In a prior project, we studied two routes that result in responsive party systems, one historical and one open even to those countries that lack the favorable historical preconditions of the forerunners in terms of responsiveness. Along the historical route, left-wing parties with strong ideological credentials were able to challenge the established political forces in some countries in the early 20th century. Gradually, this crowded out the clientelistic linkages between voters and political patrons that represent the main impediment to programmatic responsiveness. In this new project, we look at a similar process observable since the process of re-democratization swept Latin America in the 1980s. Although tentatively addressed in the prior project, this process is complicated by the fact that two very different types of left parties have emerged in contemporary Latin America. Although theorizing the distinction between the “moderate” and the “populist” or “radical” left has become a major research topic in recent years, little research has been conducted on the impact these two types of new leftist parties have on the party system as a whole, and more specifically on the levels of responsiveness it exhibits. This project contributes to these issues in three ways: It develops the difference between the moderate and the populist left in theoretical terms, expands our prior empirical analyses in temporal terms, and explores the dualism of programmatic (responsiveness-enhancing) and clientelistic (responsiveness-blurring) mobilization strategies.
This ongoing project studies cleavage structures and party system formation in Latin America and Europe in comparative perspective. For the initial phase, conducted jointly with Daniele Caramani (then University of St. Gallen, now also at the University of Zurich), the project received funding by the Swiss National Science Foundation (2009-2012).» Project_Latin_American_Party_Systems.pdf (PDF, 52.87 Kb)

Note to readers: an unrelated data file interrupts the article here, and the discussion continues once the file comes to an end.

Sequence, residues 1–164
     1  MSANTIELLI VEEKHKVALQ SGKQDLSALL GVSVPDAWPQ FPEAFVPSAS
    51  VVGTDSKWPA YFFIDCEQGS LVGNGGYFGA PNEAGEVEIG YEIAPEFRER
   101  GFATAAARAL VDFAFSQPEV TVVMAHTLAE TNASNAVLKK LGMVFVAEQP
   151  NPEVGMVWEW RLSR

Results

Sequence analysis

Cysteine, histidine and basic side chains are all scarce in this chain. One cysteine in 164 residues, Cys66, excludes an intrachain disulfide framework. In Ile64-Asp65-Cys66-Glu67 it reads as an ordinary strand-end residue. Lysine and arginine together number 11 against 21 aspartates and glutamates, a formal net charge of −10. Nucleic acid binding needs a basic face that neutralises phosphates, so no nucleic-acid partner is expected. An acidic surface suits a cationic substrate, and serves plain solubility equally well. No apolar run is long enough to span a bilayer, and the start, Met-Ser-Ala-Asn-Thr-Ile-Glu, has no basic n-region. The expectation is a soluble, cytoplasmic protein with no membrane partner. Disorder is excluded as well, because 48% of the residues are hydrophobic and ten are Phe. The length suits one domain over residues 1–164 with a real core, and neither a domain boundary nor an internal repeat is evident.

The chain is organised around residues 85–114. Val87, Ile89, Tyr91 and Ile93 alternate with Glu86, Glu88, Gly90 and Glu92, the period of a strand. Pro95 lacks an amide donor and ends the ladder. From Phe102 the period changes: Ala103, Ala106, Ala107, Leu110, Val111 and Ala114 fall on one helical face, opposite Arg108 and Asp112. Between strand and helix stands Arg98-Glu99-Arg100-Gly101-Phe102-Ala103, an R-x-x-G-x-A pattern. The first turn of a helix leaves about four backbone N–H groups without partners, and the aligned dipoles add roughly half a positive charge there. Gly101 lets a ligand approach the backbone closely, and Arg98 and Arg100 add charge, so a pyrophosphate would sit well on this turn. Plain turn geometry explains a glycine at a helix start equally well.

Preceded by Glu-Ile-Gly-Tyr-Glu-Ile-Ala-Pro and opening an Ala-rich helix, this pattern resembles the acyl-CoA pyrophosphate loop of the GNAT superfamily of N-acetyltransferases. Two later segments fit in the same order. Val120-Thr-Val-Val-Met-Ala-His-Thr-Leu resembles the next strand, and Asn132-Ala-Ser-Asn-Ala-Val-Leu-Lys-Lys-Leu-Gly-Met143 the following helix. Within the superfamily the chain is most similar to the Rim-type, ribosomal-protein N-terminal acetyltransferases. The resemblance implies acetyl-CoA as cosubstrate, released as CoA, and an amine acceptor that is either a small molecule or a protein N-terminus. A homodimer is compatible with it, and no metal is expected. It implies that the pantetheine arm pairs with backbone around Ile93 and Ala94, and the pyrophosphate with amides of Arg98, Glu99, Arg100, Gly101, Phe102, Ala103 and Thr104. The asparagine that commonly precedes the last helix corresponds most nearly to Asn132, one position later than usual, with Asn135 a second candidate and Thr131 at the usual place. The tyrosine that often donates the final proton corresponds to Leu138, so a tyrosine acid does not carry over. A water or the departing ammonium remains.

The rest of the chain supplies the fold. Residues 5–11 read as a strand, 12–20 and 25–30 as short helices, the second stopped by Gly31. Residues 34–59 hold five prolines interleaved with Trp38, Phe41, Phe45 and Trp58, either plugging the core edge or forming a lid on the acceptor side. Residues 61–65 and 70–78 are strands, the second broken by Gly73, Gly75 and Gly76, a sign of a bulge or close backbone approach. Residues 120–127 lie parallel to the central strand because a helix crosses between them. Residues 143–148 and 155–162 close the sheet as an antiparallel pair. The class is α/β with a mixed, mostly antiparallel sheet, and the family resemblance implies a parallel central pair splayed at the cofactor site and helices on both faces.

Project directed jointly with Daniele Caramani at the University of Zurich
Project conducted jointly with Marco Steenbergen and Livia Schubiger (University of Zurich) and Manuel Vogt (ETH Zurich)
My Ph.D. project assessed the ideological basis of right-wing populist parties and explains their varying success across countries by focusing on the strength of existing cleavages and partisan alignments, and on the strategies of the established parties with respect to their right-wing populist challengers. A book based on the Ph.D. was published by Temple University Press in 2010.» More on the book
In the project „EU enlargement, cultural diversity and national identity”, financed by the European Commission, and part of the "EU-Consent - Wider Europe, Deeper Integration? Constructing Europe" network, I worked on the mobilization of national political parties against European Integration. A volume edited by Hans-Dieter Klingemann and Dieter Fuchs is in preparation. In a similar vein, I study the mobilization of Euroscepticism by different political parties in Scandinavia, Continental Europe, and Southern Europe.» Catalogue
From 2002 to 2006 I was a member of the project "National Political Change in Borderless Spaces: A Comparative Assessment of the Impact of Globalization on National Party Systems". The project was financed by the Swiss National Science Foundation and the German Research Community.» Read more on the book that emerged from this project